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Wi-Fi Router Charts

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Mesh System Charts

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Powerline Performance

For the tests, I took an approach similar to previous powerline product reviews. I set up one adapter in the outlet just outside my office, connected to my LAN's Gigabit switch. I then moved a second adapter to six outlets located in my wireless test locations. For Location A, I plugged both adapters into wall outlets in my office.

I used IxChariot to run the throughput.scr script, with TCP/IP and the test file size changed to 2,000,000 Bytes. I ran separate Transmit (data sent from the "remote" adapter to the office adapter) and Receive (data sent from the office adapter to the "remote" adapter) tests in each location for one minute each.

Note that the physical distance between outlets doesn't necessarily correspond to the level of signal attenutation (and often subsequent throughput reduction) presented by each outlet. That depends on the actual path that the poweline networking signal must travel between the two adapters. Today's powerline networking technology uses both conducted and radiated signals. So signal loss also depends on coupling between AC mains phases and between circuit breakers, as well as conducted impedance and resistance.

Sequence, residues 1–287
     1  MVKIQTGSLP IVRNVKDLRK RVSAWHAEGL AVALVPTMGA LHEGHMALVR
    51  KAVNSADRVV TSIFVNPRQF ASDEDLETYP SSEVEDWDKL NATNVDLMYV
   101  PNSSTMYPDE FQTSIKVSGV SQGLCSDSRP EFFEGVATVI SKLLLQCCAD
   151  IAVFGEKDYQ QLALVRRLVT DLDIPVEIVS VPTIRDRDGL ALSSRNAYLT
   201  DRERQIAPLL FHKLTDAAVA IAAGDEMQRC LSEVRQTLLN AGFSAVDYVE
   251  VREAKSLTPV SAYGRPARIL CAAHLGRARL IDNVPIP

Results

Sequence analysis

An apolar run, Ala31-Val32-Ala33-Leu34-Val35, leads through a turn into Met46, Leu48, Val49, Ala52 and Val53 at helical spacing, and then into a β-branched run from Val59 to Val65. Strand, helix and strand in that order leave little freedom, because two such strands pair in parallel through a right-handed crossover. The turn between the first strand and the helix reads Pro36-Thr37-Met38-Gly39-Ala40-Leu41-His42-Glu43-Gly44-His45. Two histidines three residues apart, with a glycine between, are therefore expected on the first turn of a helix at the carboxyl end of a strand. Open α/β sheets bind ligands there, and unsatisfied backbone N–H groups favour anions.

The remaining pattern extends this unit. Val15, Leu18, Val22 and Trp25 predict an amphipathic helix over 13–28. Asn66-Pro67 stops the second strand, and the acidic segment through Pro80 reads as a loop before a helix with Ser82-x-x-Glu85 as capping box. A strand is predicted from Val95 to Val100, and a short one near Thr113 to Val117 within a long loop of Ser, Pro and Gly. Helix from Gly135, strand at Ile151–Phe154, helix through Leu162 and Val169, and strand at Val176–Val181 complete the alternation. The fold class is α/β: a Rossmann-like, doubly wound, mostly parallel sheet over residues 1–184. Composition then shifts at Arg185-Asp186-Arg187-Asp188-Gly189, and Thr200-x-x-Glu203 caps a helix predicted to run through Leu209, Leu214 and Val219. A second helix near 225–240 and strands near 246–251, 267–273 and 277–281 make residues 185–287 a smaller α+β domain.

During previous HomePlug AV testing, I discovered a more important source of powerline networking signal attenuation, which I'll note once again. In the U.S., the National Electrical Code (NEC) has mandated the use of AFCI (Arc Fault Circuit Interrupter) circuit breakers to protect bedroom outlets for new residential construction as of January 1, 2002. Figure 11 shows that AFCI breakers are easy to identify.

Regular and AFCI circuit breakers

Figure 11: Regular and AFCI circuit breakers

Since my lab / office is located in a converted bedroom, the "local" adapter (the one not moved) would be behind an AFCI breaker. So that's why I moved it to the outlet in the hallway just outside my office; that outlet is protected by a normal circuit breaker.

It turns out that test Location B is located in another bedroom. So that outlet is behind an AFCI breaker. Keep that in mind when looking at the performance results.

NOTE!Note: The 2008 NEC expanded the mandated use of AFCI breakers to include hallways, family rooms, closets and many other areas. This isn't effective in all states, yet, but it is coming.

Transmit results for the six locations are shown in Figure 12. Best case (Location A, same room) throughput measured just over 47 Mbps. Certainly not the 200 Mbps PHY rate trumpeted in product marketing materials, but more than enough to support a 1080p HD stream with bandwidth to spare. The large dropouts shown in the Location A trace, however, could interfere with a flawless 1080p picture.

Innoband 210P-I1 powerline performance - transmit
Click to enlarge image

Figure 12: Innoband 210P-I1 powerline performance - transmit